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v. yam·mered, yam·mer·ing, yam·mers
1. To talk volubly and often loudly.
2. To complain peevishly; whine: "Congress grumbled and yammered about putting up the money for the new plane" (Thomas J. Fleming).
To utter or say loudly or in a complaining tone.
The act of yammering.
[Middle English yameren, to lament, alteration (probably influenced by Middle Dutch jammeren, to lament) of earlier Middle English yomeren, from Old English gēomrian, gēomerian, from gēomer, sad, sorrowful; akin to Old High German jāmar, perhaps ultimately of imitative origin.]
1. to utter or whine in a complaining or peevish manner
2. to make (a complaint) loudly or persistently
3. (Zoology) (intr) (esp of an animal) to howl or wail plaintively or distressingly; yelp or yowl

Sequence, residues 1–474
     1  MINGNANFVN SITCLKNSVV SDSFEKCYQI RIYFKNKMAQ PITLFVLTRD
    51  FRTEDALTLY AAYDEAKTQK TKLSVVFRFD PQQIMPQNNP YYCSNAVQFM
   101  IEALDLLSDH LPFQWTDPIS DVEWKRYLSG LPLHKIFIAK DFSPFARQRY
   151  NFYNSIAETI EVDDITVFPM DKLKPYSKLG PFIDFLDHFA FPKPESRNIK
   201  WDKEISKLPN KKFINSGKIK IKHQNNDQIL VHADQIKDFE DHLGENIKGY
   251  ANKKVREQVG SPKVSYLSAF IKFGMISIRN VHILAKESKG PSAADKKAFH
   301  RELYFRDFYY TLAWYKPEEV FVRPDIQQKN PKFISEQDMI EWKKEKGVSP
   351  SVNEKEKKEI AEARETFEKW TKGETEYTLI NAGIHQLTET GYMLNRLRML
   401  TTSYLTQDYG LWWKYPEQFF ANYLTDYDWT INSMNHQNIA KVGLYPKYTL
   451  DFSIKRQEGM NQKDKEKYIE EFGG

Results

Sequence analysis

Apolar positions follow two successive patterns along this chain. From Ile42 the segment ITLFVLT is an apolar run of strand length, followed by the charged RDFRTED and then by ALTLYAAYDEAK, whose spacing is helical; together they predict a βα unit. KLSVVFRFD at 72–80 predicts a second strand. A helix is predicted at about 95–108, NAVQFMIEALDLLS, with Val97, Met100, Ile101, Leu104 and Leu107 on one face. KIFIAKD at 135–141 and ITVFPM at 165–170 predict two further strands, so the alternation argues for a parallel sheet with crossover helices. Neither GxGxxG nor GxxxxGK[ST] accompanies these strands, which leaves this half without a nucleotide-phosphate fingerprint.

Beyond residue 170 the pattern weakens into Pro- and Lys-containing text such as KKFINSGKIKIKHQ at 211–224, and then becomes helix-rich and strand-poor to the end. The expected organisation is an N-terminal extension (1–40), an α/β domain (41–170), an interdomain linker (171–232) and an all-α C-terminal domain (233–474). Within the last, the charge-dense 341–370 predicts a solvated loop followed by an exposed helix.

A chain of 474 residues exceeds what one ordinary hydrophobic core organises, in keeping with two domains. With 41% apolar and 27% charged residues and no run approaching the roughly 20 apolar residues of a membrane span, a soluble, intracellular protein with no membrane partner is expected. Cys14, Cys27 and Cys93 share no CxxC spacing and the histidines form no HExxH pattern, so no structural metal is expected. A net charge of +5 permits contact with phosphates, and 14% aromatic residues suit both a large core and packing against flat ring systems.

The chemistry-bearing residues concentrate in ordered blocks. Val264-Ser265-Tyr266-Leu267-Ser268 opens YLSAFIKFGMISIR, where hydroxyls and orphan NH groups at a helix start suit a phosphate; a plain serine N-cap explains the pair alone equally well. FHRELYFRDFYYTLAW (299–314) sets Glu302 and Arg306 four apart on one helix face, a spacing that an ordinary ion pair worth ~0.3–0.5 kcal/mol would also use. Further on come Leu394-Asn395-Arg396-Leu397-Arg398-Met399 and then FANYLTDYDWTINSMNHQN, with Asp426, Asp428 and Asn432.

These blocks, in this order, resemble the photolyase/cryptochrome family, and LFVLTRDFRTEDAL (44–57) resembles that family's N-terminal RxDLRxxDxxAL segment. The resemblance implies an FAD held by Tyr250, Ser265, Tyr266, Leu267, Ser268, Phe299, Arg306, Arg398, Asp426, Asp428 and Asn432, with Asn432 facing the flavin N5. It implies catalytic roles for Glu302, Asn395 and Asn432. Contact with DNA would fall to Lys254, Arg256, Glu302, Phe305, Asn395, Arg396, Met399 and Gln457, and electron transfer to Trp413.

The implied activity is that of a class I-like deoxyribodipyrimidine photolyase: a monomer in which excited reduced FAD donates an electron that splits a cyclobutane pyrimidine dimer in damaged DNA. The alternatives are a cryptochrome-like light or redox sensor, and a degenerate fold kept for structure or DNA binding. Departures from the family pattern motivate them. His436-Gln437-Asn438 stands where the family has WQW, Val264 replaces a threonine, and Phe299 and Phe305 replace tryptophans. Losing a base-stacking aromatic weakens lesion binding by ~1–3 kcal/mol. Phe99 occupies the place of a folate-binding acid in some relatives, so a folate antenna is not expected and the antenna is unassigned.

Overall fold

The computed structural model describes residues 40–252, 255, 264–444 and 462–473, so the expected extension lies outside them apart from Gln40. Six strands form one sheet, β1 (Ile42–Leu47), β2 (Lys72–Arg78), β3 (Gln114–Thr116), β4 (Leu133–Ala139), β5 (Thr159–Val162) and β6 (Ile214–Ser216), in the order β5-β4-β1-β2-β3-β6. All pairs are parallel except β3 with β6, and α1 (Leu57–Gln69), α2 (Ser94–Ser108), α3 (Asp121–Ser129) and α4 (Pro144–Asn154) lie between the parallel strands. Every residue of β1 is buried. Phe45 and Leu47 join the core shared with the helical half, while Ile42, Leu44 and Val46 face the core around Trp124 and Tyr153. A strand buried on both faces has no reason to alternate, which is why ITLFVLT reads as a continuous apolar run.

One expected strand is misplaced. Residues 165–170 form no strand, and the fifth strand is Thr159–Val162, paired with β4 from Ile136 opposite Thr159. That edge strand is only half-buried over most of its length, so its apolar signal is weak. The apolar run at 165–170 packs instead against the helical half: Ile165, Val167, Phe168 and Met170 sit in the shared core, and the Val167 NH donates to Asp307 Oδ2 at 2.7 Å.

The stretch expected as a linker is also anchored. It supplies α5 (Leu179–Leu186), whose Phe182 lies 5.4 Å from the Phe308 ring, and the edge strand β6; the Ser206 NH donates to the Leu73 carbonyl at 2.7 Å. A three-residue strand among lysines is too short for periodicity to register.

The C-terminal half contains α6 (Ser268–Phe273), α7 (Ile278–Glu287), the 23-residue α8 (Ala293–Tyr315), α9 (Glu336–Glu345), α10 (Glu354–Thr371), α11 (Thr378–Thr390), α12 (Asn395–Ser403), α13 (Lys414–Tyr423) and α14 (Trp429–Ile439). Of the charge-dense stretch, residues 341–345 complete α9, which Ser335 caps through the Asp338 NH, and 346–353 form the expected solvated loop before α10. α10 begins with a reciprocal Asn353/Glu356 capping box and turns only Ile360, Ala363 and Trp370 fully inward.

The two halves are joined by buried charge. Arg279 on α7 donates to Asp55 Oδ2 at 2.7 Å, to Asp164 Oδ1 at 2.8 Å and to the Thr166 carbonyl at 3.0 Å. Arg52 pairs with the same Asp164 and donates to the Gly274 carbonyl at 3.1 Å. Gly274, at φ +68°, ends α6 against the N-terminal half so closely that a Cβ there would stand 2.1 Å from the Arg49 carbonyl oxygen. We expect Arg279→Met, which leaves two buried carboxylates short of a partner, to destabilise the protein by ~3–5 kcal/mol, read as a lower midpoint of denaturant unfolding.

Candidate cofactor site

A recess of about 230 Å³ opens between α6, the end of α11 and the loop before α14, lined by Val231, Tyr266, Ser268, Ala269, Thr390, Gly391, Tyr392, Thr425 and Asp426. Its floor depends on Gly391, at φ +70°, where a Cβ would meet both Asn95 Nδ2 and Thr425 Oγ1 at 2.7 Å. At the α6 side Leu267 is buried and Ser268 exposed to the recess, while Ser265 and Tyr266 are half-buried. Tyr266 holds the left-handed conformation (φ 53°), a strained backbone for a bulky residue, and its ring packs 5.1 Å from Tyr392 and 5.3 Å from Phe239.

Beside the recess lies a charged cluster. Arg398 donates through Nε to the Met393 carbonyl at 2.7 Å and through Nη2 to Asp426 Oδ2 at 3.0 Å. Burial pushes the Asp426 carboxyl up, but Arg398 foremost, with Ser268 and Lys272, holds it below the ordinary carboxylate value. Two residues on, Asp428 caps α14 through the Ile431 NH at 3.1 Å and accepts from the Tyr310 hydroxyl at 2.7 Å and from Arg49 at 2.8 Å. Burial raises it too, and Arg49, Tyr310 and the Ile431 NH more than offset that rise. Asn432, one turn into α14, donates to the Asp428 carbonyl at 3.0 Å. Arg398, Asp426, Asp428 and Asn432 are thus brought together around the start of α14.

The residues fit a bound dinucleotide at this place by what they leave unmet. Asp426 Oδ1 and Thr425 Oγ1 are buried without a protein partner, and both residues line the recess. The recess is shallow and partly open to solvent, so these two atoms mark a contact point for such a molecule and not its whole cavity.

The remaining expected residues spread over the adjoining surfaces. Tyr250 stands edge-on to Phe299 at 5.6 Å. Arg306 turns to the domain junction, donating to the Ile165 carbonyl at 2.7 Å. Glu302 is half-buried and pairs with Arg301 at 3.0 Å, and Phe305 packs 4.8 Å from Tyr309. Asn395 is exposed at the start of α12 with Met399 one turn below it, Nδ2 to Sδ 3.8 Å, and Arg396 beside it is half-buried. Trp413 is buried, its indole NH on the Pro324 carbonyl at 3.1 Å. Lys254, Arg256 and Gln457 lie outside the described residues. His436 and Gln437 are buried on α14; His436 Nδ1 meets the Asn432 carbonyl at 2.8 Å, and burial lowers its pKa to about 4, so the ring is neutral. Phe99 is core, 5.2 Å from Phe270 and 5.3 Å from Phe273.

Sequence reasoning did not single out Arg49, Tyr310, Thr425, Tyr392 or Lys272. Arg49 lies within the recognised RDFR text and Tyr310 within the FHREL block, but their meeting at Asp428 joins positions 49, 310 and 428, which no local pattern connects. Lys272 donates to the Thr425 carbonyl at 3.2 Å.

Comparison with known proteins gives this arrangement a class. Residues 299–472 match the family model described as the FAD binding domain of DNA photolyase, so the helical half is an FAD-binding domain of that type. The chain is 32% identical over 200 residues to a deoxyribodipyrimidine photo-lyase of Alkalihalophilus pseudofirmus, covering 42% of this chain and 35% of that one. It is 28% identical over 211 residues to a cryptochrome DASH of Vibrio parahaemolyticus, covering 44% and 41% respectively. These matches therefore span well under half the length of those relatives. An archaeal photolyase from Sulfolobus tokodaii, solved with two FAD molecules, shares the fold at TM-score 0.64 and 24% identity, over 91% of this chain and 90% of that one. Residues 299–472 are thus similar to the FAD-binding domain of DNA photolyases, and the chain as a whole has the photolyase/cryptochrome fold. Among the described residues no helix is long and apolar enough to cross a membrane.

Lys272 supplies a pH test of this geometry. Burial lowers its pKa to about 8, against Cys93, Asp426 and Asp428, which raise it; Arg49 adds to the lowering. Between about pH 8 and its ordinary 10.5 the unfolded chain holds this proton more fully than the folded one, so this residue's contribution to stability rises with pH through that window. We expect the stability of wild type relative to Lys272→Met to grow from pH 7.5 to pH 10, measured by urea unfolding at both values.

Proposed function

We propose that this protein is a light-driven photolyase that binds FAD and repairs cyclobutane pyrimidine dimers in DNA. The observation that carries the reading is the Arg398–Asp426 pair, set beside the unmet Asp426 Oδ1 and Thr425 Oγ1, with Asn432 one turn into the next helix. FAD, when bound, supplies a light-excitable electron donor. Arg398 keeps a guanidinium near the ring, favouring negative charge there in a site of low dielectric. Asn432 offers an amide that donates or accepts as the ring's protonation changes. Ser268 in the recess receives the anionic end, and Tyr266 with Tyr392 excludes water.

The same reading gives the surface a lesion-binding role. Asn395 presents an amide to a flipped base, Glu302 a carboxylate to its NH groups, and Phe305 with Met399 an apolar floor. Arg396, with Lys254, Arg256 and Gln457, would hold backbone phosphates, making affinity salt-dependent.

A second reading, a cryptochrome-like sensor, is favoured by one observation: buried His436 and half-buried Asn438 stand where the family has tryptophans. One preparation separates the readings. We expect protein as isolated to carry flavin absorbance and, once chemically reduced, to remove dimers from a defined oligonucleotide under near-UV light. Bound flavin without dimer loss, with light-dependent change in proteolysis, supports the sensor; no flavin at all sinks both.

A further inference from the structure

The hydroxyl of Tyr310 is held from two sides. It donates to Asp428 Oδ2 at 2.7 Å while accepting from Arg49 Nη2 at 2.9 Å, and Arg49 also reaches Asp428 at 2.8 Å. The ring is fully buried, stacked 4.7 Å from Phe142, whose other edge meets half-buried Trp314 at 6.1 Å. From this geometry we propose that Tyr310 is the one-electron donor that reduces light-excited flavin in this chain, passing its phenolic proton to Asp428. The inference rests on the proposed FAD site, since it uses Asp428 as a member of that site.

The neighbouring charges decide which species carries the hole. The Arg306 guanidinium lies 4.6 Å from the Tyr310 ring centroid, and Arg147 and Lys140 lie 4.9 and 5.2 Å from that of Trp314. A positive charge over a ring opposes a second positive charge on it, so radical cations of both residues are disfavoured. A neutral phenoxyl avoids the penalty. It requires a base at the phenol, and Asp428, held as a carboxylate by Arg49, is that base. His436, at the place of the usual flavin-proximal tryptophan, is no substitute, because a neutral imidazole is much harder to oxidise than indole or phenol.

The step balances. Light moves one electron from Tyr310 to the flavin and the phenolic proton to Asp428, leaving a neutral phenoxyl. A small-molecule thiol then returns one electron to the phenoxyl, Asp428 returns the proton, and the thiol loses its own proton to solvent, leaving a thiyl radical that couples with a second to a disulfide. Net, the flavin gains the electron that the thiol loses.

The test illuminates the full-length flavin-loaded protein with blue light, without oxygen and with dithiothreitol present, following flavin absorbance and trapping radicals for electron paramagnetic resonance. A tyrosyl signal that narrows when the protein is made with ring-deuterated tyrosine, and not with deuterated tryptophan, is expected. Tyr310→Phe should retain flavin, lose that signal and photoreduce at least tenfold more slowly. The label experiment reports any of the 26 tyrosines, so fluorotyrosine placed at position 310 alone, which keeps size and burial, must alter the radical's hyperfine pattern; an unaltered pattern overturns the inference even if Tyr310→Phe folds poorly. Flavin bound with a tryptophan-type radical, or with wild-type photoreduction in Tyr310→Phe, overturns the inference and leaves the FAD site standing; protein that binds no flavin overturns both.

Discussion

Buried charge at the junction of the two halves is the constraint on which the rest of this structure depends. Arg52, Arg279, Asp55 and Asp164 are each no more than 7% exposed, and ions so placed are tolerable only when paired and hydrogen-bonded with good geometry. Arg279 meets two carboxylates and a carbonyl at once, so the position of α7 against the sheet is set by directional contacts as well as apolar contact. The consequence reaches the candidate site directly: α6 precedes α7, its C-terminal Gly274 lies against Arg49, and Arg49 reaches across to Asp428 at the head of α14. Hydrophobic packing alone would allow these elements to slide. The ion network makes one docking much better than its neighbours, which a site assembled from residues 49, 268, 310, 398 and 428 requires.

4. Also: yammering a whining sound, wail, or utterance
5. nonsense; jabber
[Old English geōmrian to grumble, complain; related to Old High German iāmar misery, lamentation, Old Norse amra to howl]
1. to whine or complain.
2. to talk loudly and persistently.v.t.
3. to utter clamorously and persistently, esp. in complaint.n.
4. the act or noise of yammering.
[1275–1325; < Middle Dutch jam(m)eren, replacing Old English gēomrian to complain, derivative of gēomor sad, c. Old Saxon, Old High German jāmar]
Past participle: yammered
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|Verb||1.||yammer - cry loudly, as of animals; "The coyotes were howling in the desert"|
|2.||yammer - complain whiningly |
kvetch, plain, quetch, complain, sound off, kick - express complaints, discontent, displeasure, or unhappiness; "My mother complains all day"; "She has a lot to kick about"